Embracing technology is key to getting ahead in construction. Many contractors struggle enough with simply selecting and integrating tech solutions that can help maintain minimum productivity gains that keep them in business.
Haskell, on the other hand, not only bought into the industry's tech zeitgeist but has actively developed its own innovative solutions to stand out as a leader in tomorrow's construction landscape.
Based in Jacksonville, Florida, Haskell is a $1 billion company that hasn't let complacency seep into its fabric. From warehouses to hospitals to infrastructure, the general contractor is on the cutting edge — using tools like virtual reality, drones and building information modeling (BIM) to plan and build projects as well as to train its employees.
Investing in itself
Haskell, one of the country's top 100 contracting firms by revenue, is also an investor in forward-thinking change, especially through its innovation and technology investment arm, Dysruptek. The new entity and its undertakings, said Cutler Knupp, director of Dysruptek's investments, represents a concerted effort on behalf of Haskell's leadership to leverage technology for healthy industry disruption.
"At the core [of that philosophy]," he said, "is that the time to invest and explore the opportunity that technology is going to bring to our industry is now."
The focus on technology could also be attractive to new recruits, he said. "If they join Haskell, they know they're going to be working with a group that is innovating and arming them with the best technologies available to do their jobs."
This year, Dysruptek announced a partnership with Brick & Mortar Ventures, an early-stage venture fund that targets the AEC industry, to further invest in disruptive startups and to partner with clients and other industry stakeholders to develop and patent its own solutions.
"If they join Haskell, they know they're going to be working with a group that is innovating and arming them with the best technologies available to do their jobs."
Just prior to that partnership, Haskell became an investor in Blox, a firm that originated the Design Manufacture Construct (DMC) delivery model. DMC combines vertically integrated design with modular construction in a way that Haskell says allows it to "control as many design and construction variables as possible" with "manufacturing precision and speed of delivery."
Healthcare is the primary segment Haskell will target with Blox’s expertise, but the firm anticipates relying on the partnership to help it consistently deliver across a range of projects.
Santa Monica, California-based data automation firm Sixgill became another partner of Haskell's this year in a deal that targets research of new tech-based solutions for common industry problems.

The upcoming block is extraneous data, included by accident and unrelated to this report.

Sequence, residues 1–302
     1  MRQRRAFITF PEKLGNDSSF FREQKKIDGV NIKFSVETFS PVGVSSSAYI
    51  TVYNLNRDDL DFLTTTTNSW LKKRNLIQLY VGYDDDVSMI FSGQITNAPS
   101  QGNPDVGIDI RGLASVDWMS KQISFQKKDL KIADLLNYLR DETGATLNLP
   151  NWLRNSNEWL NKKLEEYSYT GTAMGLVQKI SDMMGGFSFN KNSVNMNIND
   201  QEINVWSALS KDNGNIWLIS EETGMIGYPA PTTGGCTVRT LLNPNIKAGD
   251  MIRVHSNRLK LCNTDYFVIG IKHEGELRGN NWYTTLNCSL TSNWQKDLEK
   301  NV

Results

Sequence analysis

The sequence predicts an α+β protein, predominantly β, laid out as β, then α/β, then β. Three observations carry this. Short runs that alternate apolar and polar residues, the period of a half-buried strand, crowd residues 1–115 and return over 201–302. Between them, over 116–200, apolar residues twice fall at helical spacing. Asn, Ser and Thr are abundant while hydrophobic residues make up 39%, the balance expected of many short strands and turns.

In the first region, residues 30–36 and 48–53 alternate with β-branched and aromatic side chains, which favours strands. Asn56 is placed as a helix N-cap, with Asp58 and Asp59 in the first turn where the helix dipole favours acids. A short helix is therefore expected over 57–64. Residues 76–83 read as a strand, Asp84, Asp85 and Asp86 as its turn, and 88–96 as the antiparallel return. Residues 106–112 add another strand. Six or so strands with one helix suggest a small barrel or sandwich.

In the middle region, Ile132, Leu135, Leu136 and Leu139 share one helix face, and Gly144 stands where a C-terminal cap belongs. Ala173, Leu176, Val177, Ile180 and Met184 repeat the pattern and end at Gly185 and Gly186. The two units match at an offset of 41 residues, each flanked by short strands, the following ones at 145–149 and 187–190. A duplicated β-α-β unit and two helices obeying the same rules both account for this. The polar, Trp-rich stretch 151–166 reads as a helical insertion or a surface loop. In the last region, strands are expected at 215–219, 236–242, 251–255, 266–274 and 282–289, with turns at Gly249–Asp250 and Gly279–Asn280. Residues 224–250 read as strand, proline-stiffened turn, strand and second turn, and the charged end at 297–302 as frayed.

Sixgill and Haskell's Dysruptek arm will, for example, develop and deploy new jobsite sensor data automation technology to track worker movements so that they can determine if those workers are engaged in potentially dangerous situations when exposed to jobsite equipment.
Adding to Haskell's tech push, Dysruptek last year established a research and development center in Atlanta.
A contractor at its core
At its core, however, Haskell is first and foremost a contractor and has been recognized for its achievements in erecting impressive structures. In August, the Associated Builders and Contractors' North Florida Chapter highlighted four Haskell projects with Excellence in Construction awards:
- Church of Jesus Christ of Latter Day Saints in Barranquilla, Colombia.
- Frisch Welcome Center at Jacksonville University in Jacksonville, Florida.
- Hale Koa Maile Tower Renovations in Honolulu, Hawaii.
- In-N-Out Processing and Distribution Facility in Lancaster, Texas.
The company's founder, Preston Haskell, helped co-found and guide the Design-Build Institute of America, and Haskell delivers many projects using the design-build method.
One of those was a Gatorade bottling and distribution facility in Wytheville, Virginia, which, at more than 940,000 square feet, was the largest LEED Gold Certified food and beverage facility in the world at the time it was completed.
But there is a component of cutting-edge technology in everything Haskell builds, and Knupp said everyone associated is enthusiastic about what the company will roll out next, even if that means navigating a learning curve.
"I would say the idea here is that there will be lessons learned and growing pains, but at the same time, this is really essential to our success moving forward," Knupp said. "[Technology] is well-received from the field on up."